How to be Sure Your Listeners are “Getting it”

a+Whether you are training, leading a meeting, or giving a formal presentation, effective speaking is more than just “telling.” It is also about making sure your listeners get the message you intend.

To be sure your listeners understand and remember what you have said, select from these strategies, depending on the situation and your comfort level:

  1. Ask rhetorical questions. This is attention-getting, often easy and non-threatening, and makes them think. You also have the advantage of being able to read the room.
  2. Ask for a show of hands. Again, easy to do, easy to get involved, and gives you immediate feedback. There is also a certain power in seeing hands go up all around you in a room.
  3. Ask open ended questions. These questions are designed to elicit discussion. Plan them ahead of time. Start with easy-to-answer questions before asking challenging ones.
  4. Ask them to team up and summarize what they heard. Teams of two or tables of ten can use this technique. You could ask them to make a flipchart and present it to the rest of the listeners.
  5. Begin a discussion. Ask them to tell their seat partner what they heard or what they think about what you just said. Quick and easy, this is also an energizer.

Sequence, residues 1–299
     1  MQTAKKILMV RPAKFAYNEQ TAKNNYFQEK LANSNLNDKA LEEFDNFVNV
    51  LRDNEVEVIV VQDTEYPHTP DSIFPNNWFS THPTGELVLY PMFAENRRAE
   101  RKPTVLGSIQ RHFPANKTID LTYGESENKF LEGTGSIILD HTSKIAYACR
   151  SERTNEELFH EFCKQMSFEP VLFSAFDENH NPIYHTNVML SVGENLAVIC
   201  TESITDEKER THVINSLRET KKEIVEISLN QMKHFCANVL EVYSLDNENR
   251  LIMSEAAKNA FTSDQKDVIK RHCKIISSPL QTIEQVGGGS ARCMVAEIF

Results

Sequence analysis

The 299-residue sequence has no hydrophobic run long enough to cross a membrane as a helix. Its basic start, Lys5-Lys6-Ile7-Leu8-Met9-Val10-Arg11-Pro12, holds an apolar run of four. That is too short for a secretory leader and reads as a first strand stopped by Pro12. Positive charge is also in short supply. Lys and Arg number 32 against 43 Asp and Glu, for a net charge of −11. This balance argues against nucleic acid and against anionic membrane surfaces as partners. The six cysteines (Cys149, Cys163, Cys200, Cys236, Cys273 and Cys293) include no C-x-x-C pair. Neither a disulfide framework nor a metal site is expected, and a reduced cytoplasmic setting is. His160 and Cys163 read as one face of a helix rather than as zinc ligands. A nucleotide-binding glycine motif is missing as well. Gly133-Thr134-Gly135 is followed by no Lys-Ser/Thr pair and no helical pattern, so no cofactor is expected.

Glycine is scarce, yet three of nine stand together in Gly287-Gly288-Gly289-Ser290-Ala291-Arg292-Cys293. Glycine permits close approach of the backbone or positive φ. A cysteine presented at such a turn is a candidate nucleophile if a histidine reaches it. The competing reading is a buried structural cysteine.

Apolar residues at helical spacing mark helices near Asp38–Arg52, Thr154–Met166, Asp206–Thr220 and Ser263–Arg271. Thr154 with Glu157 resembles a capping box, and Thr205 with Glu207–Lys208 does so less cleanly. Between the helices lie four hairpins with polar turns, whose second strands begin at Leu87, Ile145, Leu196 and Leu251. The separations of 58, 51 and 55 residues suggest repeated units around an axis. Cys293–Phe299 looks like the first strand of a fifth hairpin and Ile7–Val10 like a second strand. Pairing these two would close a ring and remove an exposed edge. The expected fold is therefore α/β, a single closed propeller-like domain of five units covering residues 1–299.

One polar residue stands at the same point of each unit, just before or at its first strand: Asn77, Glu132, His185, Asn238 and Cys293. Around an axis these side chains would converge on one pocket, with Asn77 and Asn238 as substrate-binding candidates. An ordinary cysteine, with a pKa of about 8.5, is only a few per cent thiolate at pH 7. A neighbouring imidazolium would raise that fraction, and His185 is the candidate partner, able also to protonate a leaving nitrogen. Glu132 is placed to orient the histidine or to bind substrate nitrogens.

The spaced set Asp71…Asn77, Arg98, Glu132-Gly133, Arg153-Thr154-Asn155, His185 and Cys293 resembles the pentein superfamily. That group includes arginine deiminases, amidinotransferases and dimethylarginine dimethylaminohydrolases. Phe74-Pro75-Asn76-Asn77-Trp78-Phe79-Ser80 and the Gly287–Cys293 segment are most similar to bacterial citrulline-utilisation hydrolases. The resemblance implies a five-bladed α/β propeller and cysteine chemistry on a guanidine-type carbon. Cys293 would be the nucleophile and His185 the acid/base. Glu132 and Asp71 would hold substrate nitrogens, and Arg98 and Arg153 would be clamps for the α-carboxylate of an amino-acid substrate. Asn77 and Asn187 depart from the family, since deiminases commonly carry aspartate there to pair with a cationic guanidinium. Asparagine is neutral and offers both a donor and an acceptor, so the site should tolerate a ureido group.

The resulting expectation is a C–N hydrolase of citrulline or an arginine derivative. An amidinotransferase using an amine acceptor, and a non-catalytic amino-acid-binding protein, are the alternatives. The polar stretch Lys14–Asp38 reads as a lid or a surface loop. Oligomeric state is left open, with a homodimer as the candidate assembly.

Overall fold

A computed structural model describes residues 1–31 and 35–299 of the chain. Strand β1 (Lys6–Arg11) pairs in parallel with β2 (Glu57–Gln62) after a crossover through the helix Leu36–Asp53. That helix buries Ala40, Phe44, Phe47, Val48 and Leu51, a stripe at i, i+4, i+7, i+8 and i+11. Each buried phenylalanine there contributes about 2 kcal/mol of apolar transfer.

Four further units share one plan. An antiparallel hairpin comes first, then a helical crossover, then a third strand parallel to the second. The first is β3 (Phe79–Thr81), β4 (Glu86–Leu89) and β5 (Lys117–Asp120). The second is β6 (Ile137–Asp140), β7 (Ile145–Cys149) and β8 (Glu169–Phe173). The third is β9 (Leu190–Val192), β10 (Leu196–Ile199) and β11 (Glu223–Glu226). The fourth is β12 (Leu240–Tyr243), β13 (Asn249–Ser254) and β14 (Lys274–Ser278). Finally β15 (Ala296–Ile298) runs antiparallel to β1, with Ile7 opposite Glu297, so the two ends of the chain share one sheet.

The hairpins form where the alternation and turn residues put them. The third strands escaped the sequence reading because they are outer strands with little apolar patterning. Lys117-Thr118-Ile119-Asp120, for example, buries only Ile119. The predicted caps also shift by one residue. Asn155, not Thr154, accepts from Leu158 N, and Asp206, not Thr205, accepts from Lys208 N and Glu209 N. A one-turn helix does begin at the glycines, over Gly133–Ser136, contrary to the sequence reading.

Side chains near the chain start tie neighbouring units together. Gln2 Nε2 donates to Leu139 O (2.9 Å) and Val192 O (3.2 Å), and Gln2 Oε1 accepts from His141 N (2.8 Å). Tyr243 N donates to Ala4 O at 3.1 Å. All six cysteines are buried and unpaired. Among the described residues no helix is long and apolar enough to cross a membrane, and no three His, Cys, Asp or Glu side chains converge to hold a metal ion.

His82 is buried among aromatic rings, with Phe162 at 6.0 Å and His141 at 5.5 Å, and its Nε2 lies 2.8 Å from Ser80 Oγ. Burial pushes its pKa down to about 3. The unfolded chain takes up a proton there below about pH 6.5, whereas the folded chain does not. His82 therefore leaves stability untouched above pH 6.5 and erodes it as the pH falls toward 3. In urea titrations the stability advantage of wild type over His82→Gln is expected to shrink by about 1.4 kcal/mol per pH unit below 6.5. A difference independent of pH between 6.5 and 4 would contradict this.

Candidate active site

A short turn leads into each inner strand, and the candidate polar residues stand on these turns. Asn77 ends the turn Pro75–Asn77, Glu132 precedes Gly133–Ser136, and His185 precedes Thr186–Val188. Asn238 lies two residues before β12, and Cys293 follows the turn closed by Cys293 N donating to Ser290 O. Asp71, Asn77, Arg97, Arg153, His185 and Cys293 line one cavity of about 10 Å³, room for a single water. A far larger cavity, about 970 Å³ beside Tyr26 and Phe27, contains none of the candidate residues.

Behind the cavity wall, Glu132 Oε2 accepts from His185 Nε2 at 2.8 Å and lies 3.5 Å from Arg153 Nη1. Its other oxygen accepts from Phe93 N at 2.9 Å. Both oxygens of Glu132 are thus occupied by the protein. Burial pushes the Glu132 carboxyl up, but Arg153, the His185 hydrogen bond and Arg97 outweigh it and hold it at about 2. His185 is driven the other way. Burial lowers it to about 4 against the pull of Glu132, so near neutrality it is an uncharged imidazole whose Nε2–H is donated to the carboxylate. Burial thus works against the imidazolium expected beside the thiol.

6. Walk and talk. Before a break, assign teams to take a walk during the break and discuss a question or problem you have posted by the door or on a slide. They can all work on the same issue, or you can assign them different discussion questions, then when they return, ask them to summarize their discussions.
  7. Ask them a question or pose a problem that requires them to apply what you just said. This is particularly helpful when the subject matter is applied to their worlds, such as “What would you do if…..”
  8. Ask them to solve a problem. Again, be sure it applies to their situation or their work. This is great when they are learning a new process, or when you want to keep them engaged.
  9. Ask them to guess what happened, or what the solution was. This turns your example into a case study and is a great way to engage listeners in real learning. You can also find out if and where they get stuck, and then walk them through the solution.
  10. Ask them to provide an example as a case study. Be specific about what you are asking so that you get an example that is illustrative of your content. Be sure to get the whole group brainstorming solutions.
  11. Ask them to teach part of the content. Toward the end of a meeting or training session, assign parts of the content and have people teach it back or review it for the rest of the listeners. Again you will have a chance to correct misinformation or fill in any blanks as needed.
  12. Give them a quick quiz or test. Letting listeners know there will be a quiz at the end is generally a great motivator for them to listen well. In addition, it is a chance to see how well they have learned the content, and can act as a review and reinforcement.
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